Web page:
Opera Barga Will Feature Pastiche of Motezuma Rather Than Contested Original

Classic Arts News   Opera Barga Will Feature Pastiche of Motezuma Rather Than Contested Original
 
Opera Barga will not perform the contested Vivaldi opera Motezuma on July 16 and 17, but will perform their own revised version of the work, according to an announcement on the festival's web site.

Earlier this week, a German court ruled that the Berlin Sing-Akademie may forbid performances of a new performing edition of the long-lost opera. A manuscript for Motezuma was discovered in the Sing-Akademie's archives by German musicologist Steffen Voss, who prepared the edition with musicologist and conductor Federico Maria Sardelli.

Sardelli's Baroque ensemble Modo Antiquo had already given a concert performance of the opera in Rotterdam when the Sing-Akademie filed a lawsuit to prevent Opera Barga and D‹sseldorf's Altstadtherbst Kulturfestival from putting on staged versions of the work. The court upheld the Sing-Akademie's right as the finder of the work.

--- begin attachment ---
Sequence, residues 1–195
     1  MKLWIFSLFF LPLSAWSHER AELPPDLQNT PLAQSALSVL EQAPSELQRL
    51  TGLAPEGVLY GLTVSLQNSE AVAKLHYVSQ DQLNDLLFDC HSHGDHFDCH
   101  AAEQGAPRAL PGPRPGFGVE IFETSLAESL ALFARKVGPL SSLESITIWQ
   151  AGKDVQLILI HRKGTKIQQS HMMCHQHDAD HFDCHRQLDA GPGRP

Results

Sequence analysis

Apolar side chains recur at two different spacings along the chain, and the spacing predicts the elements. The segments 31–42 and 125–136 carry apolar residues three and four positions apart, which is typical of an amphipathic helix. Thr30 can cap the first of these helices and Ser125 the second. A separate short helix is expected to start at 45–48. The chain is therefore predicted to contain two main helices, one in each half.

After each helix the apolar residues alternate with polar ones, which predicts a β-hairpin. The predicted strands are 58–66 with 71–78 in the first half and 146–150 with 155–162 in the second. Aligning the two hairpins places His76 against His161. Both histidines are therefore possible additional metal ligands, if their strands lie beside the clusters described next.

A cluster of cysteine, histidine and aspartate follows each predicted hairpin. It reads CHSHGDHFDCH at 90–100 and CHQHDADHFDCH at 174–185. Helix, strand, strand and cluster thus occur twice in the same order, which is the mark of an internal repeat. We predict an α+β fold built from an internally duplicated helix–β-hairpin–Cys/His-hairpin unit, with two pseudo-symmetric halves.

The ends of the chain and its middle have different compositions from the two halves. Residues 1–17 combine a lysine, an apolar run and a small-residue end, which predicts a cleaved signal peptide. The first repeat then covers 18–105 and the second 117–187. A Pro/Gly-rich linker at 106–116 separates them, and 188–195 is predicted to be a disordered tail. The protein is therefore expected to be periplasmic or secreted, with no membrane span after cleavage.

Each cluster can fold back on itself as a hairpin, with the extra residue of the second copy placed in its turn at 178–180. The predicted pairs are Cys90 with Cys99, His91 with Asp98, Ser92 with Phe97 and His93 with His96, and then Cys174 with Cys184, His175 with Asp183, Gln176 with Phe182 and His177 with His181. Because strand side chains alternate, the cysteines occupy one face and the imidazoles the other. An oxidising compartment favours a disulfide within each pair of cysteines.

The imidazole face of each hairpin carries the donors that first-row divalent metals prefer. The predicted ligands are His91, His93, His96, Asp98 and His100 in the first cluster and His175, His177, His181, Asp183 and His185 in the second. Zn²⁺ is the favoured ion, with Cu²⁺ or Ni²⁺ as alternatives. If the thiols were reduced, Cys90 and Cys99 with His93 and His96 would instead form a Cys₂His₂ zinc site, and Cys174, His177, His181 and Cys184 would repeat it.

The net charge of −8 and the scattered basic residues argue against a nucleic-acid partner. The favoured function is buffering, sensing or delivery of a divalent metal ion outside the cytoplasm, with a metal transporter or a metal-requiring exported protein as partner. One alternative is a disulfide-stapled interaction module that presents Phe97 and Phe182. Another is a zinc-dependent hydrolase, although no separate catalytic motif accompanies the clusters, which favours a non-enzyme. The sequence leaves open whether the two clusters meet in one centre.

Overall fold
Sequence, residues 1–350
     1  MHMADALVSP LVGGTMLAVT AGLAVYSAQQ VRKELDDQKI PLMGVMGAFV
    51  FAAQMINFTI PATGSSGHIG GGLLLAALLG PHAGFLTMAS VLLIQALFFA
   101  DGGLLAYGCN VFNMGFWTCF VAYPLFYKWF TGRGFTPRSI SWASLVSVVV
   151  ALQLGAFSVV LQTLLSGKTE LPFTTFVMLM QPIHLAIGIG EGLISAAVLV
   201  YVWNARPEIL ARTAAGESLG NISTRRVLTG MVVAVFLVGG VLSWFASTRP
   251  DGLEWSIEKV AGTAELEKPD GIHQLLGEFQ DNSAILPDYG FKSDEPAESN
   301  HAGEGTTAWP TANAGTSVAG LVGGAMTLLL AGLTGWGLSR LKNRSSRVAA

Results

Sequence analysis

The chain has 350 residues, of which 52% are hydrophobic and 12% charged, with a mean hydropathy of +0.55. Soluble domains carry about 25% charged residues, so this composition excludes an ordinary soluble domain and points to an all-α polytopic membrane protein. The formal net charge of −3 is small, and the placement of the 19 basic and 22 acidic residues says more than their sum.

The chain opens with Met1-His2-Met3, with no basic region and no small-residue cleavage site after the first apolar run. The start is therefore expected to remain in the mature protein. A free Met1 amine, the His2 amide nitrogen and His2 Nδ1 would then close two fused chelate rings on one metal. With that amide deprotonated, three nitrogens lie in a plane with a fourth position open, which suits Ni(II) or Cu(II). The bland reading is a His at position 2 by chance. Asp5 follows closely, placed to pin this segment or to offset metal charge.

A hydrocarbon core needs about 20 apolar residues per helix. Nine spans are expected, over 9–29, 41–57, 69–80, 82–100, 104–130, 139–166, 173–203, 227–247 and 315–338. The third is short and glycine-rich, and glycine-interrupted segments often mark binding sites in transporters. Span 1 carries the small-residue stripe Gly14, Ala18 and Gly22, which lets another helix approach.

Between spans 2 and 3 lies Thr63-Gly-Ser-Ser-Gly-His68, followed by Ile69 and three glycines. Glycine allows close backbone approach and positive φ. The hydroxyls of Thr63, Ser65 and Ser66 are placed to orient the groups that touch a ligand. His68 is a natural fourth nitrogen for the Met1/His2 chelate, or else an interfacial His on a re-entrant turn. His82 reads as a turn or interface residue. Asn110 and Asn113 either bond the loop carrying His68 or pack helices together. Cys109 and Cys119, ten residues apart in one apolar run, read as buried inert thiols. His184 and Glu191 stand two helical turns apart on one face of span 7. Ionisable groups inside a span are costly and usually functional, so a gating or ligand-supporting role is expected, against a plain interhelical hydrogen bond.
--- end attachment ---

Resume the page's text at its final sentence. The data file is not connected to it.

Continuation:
The Opera Barga performance will not include any of the recently discovered score. Instead, it will feature spoken recitatives from the version of the opera that is already in the public domain, and Vivaldi arias "of a similar rhythm and color" from Arsilda, regina di Ponto, Orlando furioso, and Tito Manlio.

Opera Barga has restored the "n" to the title of the work as well; Motezuma is a variation on "Montezuma."

Nicholas Hunt, Opera Barga's director, said in a statement on the web site, "The rights issue over the opera is far from over."

Noting that the spirit of the law is meant to protect scholarship and research, Hunt adds that "[The] Sing-Akademie have done nothing and invested very little in order to procure themselves this right, and the right might be just as well attributed to Steffen Voss, the first to recognize the fragment for what it was, or even Federico Sardelli, who has worked on revising the score for performance."

According to the web site Musical America, Sardelli has said he may take the matter to the European Court of Justice at Luxembourg and UNESCO.

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